Marketing or Product development – Which first?

Should you develop your product first or start marketing the idea first?

If the idea has some legs to become a business, building a Minimum Viable Product (MVP) first could help. Once you’ve build an MVP, you can test it out with potential customers. Collect feedback from early users of your product/service and continue developing it to create the best value to your product/service users. Marketing the product/service once you’ve built a user base would be prudent.

Product development and marketing will go hand in hand overtime. In the initial stages, product development should be prioritized over marketing. An excellent product/service will always be easier to market!

Starting a business (while working full time)

There’s no “right” time to start a business. It’s never too early or too late to start one. I believe what’s most important to consider is timing of launching the business.

When you’re working full time, you get to understand the challenges, problems and opportunities of working in a particular field/industry. Using that domain knowledge and skills you have acquired, you can work to build something on your own. Instead of quitting the job right away and working tirelessly on your venture, taking some calculated approaches can pay off big later on and minimize the time/cost/pain of ┬álaunching a business.

Launching a business is very exciting and it completely changes your life. Taking the initiative to start an enterprise is daunting, challenging and thrilling at the same time. Here are few tips based on my experience and from others I’ve learned from on how to start your venture while still working full time.

  1. In the beginning all you have is an idea. So do the research, collect data, talk to people/stakeholders, figure out how big is the problem you are solving, understand why no one has started the business you are about to or how many players are currently in the market. At this stage, your full time job will help you financially to start the ground work.
  2. Once you’ve identified the problem you’re trying to solve for others, think of the name of the company and get the domain name/social media handles and channels in that name. Once I was at a Startup Weekend Kathmandu event and the winner’s web domain was taken by a competitor as soon as they were announced the winners. At this stage, you don’t need to leave your job yet because the above things can be easily done in a few hours.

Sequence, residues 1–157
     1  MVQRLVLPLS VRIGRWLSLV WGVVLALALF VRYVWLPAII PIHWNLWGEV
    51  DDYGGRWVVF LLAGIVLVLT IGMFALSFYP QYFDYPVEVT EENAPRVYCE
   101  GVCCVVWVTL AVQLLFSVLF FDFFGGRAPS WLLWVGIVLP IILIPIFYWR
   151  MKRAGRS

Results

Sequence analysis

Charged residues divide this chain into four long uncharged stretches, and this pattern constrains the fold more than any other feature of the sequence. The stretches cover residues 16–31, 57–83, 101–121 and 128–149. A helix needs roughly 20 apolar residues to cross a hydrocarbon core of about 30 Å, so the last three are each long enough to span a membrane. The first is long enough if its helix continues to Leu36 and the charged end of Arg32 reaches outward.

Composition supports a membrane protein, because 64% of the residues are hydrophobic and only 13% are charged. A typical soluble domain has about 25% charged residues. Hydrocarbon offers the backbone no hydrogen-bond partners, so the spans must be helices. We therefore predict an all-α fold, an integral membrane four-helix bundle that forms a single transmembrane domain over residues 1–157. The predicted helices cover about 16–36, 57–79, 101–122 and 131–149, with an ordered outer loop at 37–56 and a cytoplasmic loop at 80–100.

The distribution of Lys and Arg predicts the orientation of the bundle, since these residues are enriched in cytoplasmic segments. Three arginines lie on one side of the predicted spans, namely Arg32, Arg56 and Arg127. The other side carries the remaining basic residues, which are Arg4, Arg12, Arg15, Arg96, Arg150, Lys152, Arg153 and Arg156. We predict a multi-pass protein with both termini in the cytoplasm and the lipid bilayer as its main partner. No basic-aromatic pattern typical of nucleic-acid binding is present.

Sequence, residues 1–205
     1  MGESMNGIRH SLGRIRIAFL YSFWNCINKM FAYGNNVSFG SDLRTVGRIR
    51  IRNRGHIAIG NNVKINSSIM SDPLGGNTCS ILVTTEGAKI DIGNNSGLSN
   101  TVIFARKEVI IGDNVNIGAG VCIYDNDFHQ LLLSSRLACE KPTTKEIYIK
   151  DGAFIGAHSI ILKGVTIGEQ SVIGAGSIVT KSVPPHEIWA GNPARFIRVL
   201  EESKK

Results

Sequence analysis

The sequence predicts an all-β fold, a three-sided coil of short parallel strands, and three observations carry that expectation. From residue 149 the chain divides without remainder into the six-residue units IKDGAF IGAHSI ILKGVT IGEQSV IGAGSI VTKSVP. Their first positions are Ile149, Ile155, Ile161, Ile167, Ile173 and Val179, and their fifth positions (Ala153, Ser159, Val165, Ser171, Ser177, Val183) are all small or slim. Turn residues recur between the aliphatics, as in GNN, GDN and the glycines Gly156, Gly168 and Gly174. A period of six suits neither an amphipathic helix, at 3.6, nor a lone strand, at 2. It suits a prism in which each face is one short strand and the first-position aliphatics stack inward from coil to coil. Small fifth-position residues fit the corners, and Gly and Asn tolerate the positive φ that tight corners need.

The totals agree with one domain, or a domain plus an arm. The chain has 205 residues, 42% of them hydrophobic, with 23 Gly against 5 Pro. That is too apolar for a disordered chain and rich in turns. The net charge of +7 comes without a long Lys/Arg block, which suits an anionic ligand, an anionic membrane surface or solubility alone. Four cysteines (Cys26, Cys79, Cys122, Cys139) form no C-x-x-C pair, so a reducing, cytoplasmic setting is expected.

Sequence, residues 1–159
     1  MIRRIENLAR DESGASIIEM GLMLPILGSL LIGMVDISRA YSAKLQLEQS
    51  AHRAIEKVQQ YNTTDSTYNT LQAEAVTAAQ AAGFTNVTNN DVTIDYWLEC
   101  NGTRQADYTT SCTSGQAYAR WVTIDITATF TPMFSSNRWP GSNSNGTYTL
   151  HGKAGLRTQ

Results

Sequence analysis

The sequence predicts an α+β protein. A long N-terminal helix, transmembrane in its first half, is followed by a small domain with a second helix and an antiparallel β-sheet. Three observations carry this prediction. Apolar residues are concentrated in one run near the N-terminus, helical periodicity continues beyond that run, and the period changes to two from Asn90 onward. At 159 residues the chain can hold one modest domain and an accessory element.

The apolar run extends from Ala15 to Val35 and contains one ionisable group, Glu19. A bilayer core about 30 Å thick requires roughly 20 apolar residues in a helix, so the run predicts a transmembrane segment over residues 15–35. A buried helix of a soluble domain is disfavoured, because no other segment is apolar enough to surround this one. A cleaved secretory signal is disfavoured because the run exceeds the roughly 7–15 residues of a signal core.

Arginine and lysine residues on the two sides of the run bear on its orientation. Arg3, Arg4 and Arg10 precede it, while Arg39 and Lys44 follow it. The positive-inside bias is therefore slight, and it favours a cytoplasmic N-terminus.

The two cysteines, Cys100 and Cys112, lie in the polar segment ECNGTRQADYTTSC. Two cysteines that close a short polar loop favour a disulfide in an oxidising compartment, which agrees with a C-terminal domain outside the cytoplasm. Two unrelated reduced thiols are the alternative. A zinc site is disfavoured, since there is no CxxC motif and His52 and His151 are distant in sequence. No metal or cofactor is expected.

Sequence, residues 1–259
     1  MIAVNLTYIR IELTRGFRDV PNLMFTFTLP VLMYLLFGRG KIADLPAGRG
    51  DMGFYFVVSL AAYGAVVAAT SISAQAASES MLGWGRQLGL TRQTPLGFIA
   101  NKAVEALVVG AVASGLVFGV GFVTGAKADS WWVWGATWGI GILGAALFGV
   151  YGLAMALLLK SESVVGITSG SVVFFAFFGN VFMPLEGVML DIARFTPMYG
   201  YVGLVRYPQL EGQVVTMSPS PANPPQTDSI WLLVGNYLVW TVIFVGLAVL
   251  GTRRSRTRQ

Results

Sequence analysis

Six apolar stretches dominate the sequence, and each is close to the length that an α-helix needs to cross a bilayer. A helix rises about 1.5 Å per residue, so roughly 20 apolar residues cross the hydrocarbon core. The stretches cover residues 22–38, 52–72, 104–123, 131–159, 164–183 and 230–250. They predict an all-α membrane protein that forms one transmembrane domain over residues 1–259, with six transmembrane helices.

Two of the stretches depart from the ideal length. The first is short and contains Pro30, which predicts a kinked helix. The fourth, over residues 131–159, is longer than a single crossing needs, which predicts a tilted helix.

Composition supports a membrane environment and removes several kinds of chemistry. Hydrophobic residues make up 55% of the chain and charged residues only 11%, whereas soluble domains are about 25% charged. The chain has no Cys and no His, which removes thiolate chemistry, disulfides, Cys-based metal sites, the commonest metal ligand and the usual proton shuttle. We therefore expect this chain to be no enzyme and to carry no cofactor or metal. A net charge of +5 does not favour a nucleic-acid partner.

3. Start putting up content and slowly work to build up your audience. You can tweet/post/write through the company handle so it won’t be noticed by your current employer. No need to mention that you’re the founder of the company yet. At this stage, your full time gig will be paying the bills that come along of initially setting up the business – domain/hosting/lawyer fees/company registration fees etc.
  4. If you’re going to be selling a service or a product, build it yourself or hire people to make a MVP. You should not quit a job without getting your idea first tested in the market.
  5. Once your product or service gets a bit of a traction, work to get paying customers and a steady revenue stream. Identify a business model that works and how you can scale it up. When the idea has gone from conception to execution and a product/service is out in the market, you will start to realize that the moment has come to devote full time on it. You will then have to approach your boss and explain to him/her why you will be moving on. Always important to maintain good relationship with your boss because they can offer your mentorship, support and help as needed. Then quit your job and devote 200% in your startup. It’s now or never. Nothing great has ever been achieved without taking some risks.

Starting a business is both extremely exciting and challenging. There’s no formula to predict the right time to launch a business. The timing of the idea is a crucial component of how successful the startup can be in the present/future. By taking calculated steps to launch the business as mentioned above, you will be in much better shape when you actually do.

As an entrepreneur, how did you decide it was the right time to launch the business? Do share.



Your First Sale

Entrepreneurship is risky. You don’t know how your business model will do in the marketplace. You use the knowledge, skills and experiences to create the revenue model that you hope will bring revenue to your business. Yet the real test comes when you get out there in the real world.

You never know when your first sale is going to come. It could be a few days, weeks or even months. You’re anxious and optimistic. The wait sometimes is unbearable as your costs are adding up. But you know that you choose this path of entrepreneurship because you believed in yourself, your ideas and your vision.

The day comes. You have delivered on your promise to the customer. In fact, you have gone above and beyond to get this first sale. Congratulations. That sale (no matter how much you got paid) feels like a million bucks (unless you made million bucks which could make you feel like a billion bucks).Wow. You feel like you’re on top of the world. There’s no stopping you.

Embrace that feeling when you made your first sale. That “top of the world” feeling is priceless. Go ahead and be proud that you did it. Now focus on the tomorrow and keep making things happen.